My last post concerned the legal requirements that must be satisfied by agencies before they can reopen their offices. The length of that post indicates how many such requirements there are. Before addressing the subject raised in the title to this post, I wanted to let my readers know about a checklist for those and other requirements that has been developed by a human resources company. It can be found here and provides a good overview of what needs to be done by all agency and other business owners who are considering reopening their offices.
On May 18, 2020, the Wage and Hour Division (“WHD”) of the U.S. Department of Labor announced a final rule that opens the door for producers to be classified as exempt from the overtime pay requirements of the Fair Labor Standards Act under the commissioned sales person exemption. That final rule announced the withdrawal of two regulations, one of which had foreclosed any possibility that producers could be classified as a commissioned sales person. Only the employees of a “retail or service establishment” are eligible for such a classification. Many years ago the WHD issued a regulation that included businesses that sell insurance among those businesses that are not such an establishment. That regulation has now been withdrawn.
Going forward, the WHD will decide on a case by case basis whether a particular business satisfies the criteria for a “retail or service establishment.” That criteria is both very specific and vague. According to the WHD, such an establishment is one that engages in the sale of goods or services of which at least 75% by dollar volume must be goods or services that are “recognized as retail in the particular industry.”
While the 75% of sales criteria is an objective standard, what constitutes goods or services that are recognized as “retail in the particular industry” is much more subjective and in some ways circular. Generally speaking, sales to members of the general public who are the end users of the goods or services sold are considered “retail” sales, if what is sold serves the everyday needs of the community in which the sales occur and the transaction is normally considered to be a “retail” one. Unfortunately, in giving examples of what are not normally considered to be “retail” transactions, the regulations refer to insurance companies, along with sellers of electricity and similar commodities.
However, a good argument can be made that the sale of personal lines insurance is a “retail” sale, since such sales are made to members of the general public for their own private use and serve the everyday needs of the community in which they live. If the WHD can be convinced that the sale of an insurance policy in general is a “retail” sale, then agencies that sell predominantly commercial lines insurance would also be considered a “retail or service establishment.” This as long as at least 75% of their annual revenue is from sales to the end users of the policies sold.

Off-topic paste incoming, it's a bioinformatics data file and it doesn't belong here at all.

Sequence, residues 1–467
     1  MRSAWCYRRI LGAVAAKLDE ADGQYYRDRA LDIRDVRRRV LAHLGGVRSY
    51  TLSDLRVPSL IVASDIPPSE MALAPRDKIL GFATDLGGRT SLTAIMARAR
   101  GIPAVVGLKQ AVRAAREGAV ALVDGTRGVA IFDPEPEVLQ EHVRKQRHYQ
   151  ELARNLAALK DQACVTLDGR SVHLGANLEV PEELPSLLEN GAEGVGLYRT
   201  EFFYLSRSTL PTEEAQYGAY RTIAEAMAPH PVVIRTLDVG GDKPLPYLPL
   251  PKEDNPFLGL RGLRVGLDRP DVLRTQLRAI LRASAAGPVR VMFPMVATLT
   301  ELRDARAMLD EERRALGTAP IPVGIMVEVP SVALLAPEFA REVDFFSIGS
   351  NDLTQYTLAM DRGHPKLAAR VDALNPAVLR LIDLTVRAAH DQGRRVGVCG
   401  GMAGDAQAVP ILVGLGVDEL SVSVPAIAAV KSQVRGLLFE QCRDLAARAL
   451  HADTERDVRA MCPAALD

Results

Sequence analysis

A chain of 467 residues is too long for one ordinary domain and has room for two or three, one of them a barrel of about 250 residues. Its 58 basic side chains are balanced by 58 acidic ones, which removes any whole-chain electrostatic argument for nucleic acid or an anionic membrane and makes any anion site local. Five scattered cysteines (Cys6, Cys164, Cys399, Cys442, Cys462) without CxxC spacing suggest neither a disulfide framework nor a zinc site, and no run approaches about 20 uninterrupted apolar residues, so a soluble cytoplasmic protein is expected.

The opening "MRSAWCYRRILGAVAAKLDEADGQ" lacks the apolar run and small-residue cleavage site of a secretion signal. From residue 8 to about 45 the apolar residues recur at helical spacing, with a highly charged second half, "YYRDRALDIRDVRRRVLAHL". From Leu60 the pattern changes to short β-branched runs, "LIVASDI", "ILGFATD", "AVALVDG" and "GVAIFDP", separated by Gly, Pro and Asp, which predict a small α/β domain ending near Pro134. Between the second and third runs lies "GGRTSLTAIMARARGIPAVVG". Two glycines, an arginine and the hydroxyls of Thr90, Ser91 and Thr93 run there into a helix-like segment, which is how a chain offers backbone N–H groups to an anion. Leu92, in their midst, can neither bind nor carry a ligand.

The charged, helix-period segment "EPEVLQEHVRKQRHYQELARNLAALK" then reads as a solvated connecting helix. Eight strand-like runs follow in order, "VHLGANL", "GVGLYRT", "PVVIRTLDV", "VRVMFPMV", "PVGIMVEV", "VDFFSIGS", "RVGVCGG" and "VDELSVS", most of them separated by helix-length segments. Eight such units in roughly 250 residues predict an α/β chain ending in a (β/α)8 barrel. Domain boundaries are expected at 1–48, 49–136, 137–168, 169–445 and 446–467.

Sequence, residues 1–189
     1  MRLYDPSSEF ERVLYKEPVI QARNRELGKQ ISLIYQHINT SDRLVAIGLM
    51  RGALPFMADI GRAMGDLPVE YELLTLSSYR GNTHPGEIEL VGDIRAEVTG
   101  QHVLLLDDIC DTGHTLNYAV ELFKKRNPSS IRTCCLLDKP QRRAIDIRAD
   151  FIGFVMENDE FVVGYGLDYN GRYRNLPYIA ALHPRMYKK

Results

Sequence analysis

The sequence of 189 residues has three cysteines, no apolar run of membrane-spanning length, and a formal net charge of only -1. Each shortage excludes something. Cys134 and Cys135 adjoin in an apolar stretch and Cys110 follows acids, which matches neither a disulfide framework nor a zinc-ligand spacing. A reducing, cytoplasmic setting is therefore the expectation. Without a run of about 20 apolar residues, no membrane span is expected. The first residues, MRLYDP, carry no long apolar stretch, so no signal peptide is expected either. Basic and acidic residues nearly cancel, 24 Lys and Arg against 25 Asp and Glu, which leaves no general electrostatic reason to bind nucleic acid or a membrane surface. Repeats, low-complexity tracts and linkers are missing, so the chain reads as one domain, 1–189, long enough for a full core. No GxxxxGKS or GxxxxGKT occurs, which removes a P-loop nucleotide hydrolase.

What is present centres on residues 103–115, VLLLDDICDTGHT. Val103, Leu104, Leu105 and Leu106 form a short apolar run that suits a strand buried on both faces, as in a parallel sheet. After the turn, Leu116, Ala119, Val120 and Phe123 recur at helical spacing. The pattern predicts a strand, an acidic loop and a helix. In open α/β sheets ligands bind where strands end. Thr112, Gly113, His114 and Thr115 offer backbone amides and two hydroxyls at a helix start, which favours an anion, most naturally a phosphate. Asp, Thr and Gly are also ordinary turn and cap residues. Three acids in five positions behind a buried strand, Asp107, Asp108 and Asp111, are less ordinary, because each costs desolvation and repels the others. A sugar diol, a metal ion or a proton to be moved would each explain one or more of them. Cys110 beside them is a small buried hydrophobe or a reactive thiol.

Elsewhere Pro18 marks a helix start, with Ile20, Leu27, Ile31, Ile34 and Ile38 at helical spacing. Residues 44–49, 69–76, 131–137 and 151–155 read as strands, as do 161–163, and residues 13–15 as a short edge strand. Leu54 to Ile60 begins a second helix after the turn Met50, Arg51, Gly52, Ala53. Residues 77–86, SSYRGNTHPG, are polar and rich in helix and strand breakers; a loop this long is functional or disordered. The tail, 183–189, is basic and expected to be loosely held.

Once this hurdle is overcome, the remaining requirements for a producer to be exempt as a commissioned sales person are relatively easy to satisfy. The producer’s total compensation for a “representative period” of at least one month, but no longer than one year, must exceed the overtime pay rate (at this time $10.88) for every hour worked during that period and more than half of the producer’s total compensation during that period must be from commissions.
These two requirements should not be a problem for most producers, especially if they are paid commissions only. Assuming a fifty hour work week on average, a producer’s total monthly compensation would only have to be around $2,400 to meet the first remaining requirement and $1,201 of that sum would have to be from commissions.
The bigger problem for agencies would be the necessity to track the number of hours worked by a producer to make use of this exemption. In the event of an audit by the WHD, an agency would have to be able to prove the number of hours worked by the producer in question during the relevant time period so it could show the total compensation paid to the producer during that time period was in excess of the minimum required amount.